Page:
This raita is made in a South Indian style where you pour heated spices over the yogurt at the end. This spice mixture is called vaggarne (I have trouble saying it so don’t feel bad if you can’t either). In North India, this tempering of spices is called chaunk. I made a video of this recipe which you can watch to understand how tempering works.
Raita is one of my favorite foods and I love how it is so versatile. You can make it with many vegetables – cucumber, tomato, potato, onion, but I feel that this raita is one I come back to over and over again. I also eat it in a variety of ways – as a side to a curry and roti, mixed in with rice, or just by itself.
Because I have cut out orange juice and many other citrus fruits for their high acidity, I have been looking for alternative sources of Vitamin C. Radish has become one of those substitutes. In addition, it is also good for digestion. This may explain why my grandmother would always put out some chopped radish to munch on while she prepared our meal.
When I first ate radish in India I realized that this vegetable is actually a spicy one. I have been finding though that in the US, only farm fresh radish has this same spicy flavor as opposed to the mild radishes you find in the supermarket.
You can also watch a video of this recipe here.
1/2 of a 32 oz. tub of yogurt – I like to mix a little bit of Greek yogurt in with regular to get a thicker texture
6 radishes – grated (prefer the larger shred)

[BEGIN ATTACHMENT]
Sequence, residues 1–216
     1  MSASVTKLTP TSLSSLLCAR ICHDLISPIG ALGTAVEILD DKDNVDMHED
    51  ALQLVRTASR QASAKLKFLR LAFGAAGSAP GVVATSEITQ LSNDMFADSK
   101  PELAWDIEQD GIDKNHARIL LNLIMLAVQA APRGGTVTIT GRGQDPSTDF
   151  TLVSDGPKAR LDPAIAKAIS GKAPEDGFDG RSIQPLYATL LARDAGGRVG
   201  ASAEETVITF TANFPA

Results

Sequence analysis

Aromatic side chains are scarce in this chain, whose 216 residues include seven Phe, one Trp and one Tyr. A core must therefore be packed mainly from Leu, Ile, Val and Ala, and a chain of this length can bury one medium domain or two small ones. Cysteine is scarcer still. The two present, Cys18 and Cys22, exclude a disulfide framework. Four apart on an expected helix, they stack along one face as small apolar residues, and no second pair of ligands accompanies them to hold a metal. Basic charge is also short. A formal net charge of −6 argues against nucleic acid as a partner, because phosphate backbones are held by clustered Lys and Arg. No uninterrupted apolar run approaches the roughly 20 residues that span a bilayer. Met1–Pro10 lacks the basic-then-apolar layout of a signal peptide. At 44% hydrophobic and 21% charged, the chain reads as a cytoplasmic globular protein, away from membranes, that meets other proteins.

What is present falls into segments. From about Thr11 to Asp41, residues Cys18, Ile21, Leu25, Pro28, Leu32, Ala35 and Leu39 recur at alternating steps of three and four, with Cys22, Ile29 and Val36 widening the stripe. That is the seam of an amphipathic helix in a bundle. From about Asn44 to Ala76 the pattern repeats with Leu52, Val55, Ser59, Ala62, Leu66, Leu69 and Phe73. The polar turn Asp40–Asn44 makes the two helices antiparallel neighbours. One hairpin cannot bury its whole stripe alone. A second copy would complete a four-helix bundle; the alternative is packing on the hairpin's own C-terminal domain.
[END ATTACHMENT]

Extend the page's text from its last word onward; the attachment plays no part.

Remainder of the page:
1/2 small plum tomato – cut into small pieces, seeds removed
2 tablespoons fresh grated coconut or thawed out frozen
Vaggarne (tempering oil)
2 teaspoons oil
1/2 teaspoon mustard seed
pinch of asafoetida
1 – 2 fresh or dried curry leaf
1 dried red chili – broken into pieces
salt to taste
Combine grated radish, tomato, grated coconut and yogurt into bowl.
In small pan, under medium high heat, place 2 tsps of oil. When oil is hot, place asafoetida and mustard seed. Shake the pan up and cover. When mustard seeds start popping turn the heat down to low and place the curry leaf and broken up red chili (be careful to not burn yourself). Mix everything with a spoon until coated with oil and the curry leaf is crunchy but not burned. Pour this oil mixture onto the yogurt. To get all of the oil out, I usually put a spoon or two of the yogurt into the oil pan and pour it back in with the rest of the yogurt.
Put salt and mix thoroughly.
Garnish with cilantro.
Sometimes I add a pinch of chopped ginger too, but this is optional.